The first of a five-part series about the implementation of preference management
Preference management typically represents a “crossover” initiative – one that begins as a marketing project, gains traction through IT and finds valuable application in customer service and support. Moreover, in its aim to unify the company’s view of a consumer and make information available through a central repository, an effective preference management program acts as a silo breaker inside companies, encouraging a holistic view of customer interaction. In short, it can be complicated.
Once the educational and budgetary hurdles are cleared and an enterprise has decided to introduce preference management into its technology architecture, a new challenge arises: where to begin?
For some, the challenge is artificially enlarged by the ideal they hope to attain: preference collection at every touchpoint, seamless integration between systems and a 360-degree view of every customer available on-demand. Overwhelmed by the sheer scope of work, the project team cools and inertia becomes a threat.
For others, preference management is a series of steps, each one building on the last, each further proving the validity of the original value proposition and demonstrating its worth in a progressive series of tests. This is the model for success.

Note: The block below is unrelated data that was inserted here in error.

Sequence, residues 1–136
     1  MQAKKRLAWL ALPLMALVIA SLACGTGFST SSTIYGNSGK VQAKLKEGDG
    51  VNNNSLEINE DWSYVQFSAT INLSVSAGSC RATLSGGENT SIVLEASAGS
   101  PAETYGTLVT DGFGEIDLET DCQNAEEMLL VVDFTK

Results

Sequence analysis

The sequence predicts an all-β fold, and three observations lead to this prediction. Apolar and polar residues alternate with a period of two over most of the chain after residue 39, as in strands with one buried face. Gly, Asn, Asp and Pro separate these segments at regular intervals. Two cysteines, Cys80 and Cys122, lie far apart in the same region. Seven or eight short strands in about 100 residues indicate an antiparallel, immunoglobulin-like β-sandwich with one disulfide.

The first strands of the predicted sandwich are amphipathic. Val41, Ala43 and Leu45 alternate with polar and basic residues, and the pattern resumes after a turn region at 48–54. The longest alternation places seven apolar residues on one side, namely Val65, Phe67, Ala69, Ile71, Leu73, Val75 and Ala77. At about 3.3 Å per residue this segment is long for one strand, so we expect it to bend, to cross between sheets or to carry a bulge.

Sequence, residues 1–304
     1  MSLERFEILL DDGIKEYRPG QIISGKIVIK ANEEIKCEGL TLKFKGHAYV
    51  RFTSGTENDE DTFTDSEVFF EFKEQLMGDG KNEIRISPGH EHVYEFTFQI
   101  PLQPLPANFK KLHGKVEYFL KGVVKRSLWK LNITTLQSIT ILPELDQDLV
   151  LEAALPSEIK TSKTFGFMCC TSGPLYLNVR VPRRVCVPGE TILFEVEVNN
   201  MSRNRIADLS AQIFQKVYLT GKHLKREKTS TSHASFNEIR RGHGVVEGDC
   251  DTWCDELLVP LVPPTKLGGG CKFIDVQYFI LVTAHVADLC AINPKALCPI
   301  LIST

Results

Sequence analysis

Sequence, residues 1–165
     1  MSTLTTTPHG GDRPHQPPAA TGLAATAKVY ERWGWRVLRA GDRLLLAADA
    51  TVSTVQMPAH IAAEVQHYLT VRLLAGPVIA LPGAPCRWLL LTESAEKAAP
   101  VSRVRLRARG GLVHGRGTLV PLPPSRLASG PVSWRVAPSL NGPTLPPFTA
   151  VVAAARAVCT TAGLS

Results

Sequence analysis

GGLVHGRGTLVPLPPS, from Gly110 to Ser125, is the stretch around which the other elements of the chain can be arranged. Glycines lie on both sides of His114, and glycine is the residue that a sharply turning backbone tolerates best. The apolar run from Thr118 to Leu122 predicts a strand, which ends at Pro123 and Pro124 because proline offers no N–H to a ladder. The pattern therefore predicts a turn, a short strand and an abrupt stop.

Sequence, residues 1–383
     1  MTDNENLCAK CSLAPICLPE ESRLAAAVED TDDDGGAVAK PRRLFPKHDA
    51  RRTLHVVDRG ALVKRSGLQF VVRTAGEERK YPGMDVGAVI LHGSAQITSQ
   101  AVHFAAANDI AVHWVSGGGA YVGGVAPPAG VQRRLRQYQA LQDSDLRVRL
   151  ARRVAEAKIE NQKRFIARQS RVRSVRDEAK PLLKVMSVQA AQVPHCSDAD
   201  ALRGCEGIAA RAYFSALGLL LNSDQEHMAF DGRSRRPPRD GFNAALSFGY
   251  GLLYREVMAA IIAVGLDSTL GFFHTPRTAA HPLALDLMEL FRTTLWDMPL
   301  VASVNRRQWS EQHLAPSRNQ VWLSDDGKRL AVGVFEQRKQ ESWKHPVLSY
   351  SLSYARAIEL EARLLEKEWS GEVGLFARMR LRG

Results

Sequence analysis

The modern enterprise-class company is, in part, a living museum of hardware, software and the various systems designed to connect it all together. Authority over these assets (and, in some cases, liabilities) is spread between multiple departments and leadership hierarchies. In addition, some enterprises’ corporate leadership structures are ill-equipped to meet the diverse challenges presented during the implementation process.
In the following posts, a clear and comprehensible path towards implementation will be demonstrated. While the nearly limitless variability of size, existing architecture, decision-making process and other factors make it impossible to present a truly universal playbook, this series is intended to offer useful guideposts with application to a broad array of organizations and needs.
Eric Tejeda is the Director of Product Marketing for PossibleNOW and CompliancePoint. Eric supports the organization’s growth objectives by productizing and launching innovative new products and services that fill critical needs in the marketplace.
With 25 years of experience, Eric firmly believes that permission-based marketing and preference management is a mega trend and the path to success for marketers today.
Labels: customer interaction, Customer Service, marketing, preference management, technology architecture